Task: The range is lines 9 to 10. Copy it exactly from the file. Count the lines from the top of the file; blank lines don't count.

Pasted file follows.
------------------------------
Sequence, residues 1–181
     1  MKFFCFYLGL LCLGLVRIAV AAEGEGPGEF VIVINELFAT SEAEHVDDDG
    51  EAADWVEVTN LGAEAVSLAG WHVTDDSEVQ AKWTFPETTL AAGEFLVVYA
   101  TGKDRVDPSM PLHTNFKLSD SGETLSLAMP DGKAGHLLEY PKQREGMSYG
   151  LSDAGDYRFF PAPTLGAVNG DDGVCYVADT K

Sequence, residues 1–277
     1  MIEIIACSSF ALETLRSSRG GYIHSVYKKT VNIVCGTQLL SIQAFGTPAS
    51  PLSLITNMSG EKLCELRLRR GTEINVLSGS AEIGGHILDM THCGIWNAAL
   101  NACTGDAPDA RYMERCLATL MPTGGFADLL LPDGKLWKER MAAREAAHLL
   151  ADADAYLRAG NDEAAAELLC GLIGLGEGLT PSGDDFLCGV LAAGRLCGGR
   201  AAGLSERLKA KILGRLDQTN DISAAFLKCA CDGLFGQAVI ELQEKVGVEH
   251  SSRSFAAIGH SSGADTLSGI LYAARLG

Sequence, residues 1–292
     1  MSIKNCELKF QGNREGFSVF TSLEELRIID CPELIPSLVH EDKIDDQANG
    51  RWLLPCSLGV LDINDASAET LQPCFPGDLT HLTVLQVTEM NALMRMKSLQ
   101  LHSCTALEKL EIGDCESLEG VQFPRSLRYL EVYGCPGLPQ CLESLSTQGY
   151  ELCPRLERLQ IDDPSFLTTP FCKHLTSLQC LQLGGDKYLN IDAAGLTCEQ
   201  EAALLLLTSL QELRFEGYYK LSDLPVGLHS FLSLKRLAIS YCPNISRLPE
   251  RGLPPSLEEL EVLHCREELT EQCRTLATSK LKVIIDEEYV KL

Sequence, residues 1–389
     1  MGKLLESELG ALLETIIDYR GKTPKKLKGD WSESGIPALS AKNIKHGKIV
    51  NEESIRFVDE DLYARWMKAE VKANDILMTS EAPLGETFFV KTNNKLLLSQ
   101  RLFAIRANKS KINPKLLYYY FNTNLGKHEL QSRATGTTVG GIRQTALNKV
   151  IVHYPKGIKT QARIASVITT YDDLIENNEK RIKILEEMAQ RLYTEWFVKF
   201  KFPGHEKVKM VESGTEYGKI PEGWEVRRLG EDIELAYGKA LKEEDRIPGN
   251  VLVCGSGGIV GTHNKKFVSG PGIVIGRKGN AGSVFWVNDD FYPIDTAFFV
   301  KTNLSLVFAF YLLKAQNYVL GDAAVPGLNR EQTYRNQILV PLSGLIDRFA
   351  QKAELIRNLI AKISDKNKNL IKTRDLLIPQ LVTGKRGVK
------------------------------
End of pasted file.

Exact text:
   101  NACTGDAPDA RYMERCLATL MPTGGFADLL LPDGKLWKER MAAREAAHLL
   151  ADADAYLRAG NDEAAAELLC GLIGLGEGLT PSGDDFLCGV LAAGRLCGGR